Several parents also talked about feelings of betrayal regarding their employers. For example, Texas parents shared their belief that employers allowed ICE access to the facility a few days prior to the raid, telling workers that they needed to provide a tour of the facility to a utility provider. “I think they wanted to make sure they knew where they could hold us and where all the exits are,” one parent speculated. Workers expressed hurt that employers who had known them and their families for years had helped conspire against them rather than try to protect them. In one of the Ohio raids, workers shared that their supervisors had told them to stop working and to meet for doughnuts. And instead of doughnuts, ICE agents were waiting for them. In both Mississippi and some of the Ohio sites, parents and providers also talked about the dehumanizing treatment workers received in the workplace, including long work hours without sufficient breaks, harsh supervisors, and unsafe working conditions that often led to physical injury.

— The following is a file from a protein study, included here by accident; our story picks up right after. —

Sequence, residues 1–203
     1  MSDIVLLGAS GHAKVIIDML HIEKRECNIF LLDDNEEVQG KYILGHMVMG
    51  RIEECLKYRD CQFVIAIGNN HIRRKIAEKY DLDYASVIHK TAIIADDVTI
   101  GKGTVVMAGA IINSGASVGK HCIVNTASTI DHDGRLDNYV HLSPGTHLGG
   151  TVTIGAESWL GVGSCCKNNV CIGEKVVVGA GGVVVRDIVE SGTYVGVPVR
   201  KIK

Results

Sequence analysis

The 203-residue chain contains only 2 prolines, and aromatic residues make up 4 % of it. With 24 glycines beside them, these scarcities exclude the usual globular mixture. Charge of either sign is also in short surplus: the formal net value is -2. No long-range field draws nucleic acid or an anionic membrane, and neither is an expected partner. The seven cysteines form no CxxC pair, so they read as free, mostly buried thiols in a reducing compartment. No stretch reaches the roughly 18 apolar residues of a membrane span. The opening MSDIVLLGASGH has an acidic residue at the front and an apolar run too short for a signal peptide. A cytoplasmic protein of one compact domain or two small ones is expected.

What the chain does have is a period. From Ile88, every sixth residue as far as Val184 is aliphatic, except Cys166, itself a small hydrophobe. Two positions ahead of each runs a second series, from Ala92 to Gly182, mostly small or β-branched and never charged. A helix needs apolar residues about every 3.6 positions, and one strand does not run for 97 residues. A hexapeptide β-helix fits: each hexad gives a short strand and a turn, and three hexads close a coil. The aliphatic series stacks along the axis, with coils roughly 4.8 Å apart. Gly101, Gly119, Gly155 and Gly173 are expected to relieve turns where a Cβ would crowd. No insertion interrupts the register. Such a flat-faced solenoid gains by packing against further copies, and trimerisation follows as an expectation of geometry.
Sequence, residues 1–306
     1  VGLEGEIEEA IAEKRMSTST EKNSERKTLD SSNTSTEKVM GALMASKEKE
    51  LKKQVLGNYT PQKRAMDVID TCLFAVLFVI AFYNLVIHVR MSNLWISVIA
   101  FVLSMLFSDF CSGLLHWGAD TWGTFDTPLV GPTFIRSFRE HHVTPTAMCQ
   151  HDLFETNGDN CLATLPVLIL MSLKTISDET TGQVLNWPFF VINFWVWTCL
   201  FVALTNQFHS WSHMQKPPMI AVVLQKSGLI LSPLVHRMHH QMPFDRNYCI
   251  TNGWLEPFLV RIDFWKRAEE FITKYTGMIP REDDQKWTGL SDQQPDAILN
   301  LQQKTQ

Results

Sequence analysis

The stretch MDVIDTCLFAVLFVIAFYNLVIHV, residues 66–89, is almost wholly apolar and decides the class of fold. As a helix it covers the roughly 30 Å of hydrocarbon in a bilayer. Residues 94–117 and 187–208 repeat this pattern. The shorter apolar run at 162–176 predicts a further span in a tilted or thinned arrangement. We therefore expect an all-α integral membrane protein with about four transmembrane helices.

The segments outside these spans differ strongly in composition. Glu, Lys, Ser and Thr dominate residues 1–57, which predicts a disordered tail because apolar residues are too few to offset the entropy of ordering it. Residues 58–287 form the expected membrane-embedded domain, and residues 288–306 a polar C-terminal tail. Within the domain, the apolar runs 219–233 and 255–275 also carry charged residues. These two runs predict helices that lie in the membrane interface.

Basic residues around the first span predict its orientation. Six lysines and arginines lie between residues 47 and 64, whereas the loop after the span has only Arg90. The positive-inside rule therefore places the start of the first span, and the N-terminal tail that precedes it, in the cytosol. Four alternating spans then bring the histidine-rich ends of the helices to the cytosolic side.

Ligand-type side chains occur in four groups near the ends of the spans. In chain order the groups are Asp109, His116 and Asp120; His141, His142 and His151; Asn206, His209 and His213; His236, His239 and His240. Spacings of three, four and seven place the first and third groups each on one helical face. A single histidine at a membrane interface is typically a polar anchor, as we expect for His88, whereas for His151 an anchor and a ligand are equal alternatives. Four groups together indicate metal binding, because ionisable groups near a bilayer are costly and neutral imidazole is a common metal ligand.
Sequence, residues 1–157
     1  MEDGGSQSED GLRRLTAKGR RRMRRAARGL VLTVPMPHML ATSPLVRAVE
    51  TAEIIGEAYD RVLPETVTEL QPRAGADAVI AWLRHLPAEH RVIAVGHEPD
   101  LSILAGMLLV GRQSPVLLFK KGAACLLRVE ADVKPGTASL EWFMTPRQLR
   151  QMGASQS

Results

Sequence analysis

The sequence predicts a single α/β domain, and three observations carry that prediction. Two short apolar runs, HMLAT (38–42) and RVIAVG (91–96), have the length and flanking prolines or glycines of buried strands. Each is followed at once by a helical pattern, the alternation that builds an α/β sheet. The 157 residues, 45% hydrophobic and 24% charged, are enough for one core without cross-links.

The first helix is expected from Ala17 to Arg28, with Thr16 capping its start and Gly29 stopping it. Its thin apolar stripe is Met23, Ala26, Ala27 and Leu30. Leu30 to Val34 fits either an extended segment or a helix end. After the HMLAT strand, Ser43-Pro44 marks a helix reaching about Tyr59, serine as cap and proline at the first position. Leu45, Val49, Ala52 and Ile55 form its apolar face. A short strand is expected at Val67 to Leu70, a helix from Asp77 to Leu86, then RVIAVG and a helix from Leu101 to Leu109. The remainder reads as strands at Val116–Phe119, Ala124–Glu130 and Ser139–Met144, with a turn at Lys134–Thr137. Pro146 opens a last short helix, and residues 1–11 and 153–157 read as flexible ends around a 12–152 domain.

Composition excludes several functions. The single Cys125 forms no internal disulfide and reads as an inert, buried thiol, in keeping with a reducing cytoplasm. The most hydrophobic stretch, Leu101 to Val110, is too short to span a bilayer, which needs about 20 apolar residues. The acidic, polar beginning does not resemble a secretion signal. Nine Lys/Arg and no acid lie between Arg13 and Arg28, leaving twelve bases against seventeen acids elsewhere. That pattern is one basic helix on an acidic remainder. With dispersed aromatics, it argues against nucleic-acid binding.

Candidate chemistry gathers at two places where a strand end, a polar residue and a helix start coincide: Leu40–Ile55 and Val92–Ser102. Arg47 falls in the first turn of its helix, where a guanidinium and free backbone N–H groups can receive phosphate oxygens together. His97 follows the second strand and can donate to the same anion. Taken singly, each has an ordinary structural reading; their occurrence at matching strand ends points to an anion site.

“I don’t have happy days anymore.” —Mother, Mississippi
The raid and the uncertainty that followed exacerbated underlying mental health issues for parents. One community-based provider in Ohio highlighted that many of the Guatemalan workers who had been involved in the Fresh Mark raid had already undergone significant trauma in their home country and during their journey to the United States, with several pursuing asylum. Similarly, several Mississippi faith leaders and social service providers reflected that many of the Guatemalan women arrested—including those facing criminal charges—had less than a third-grade education, and had experienced domestic abuse or other violence.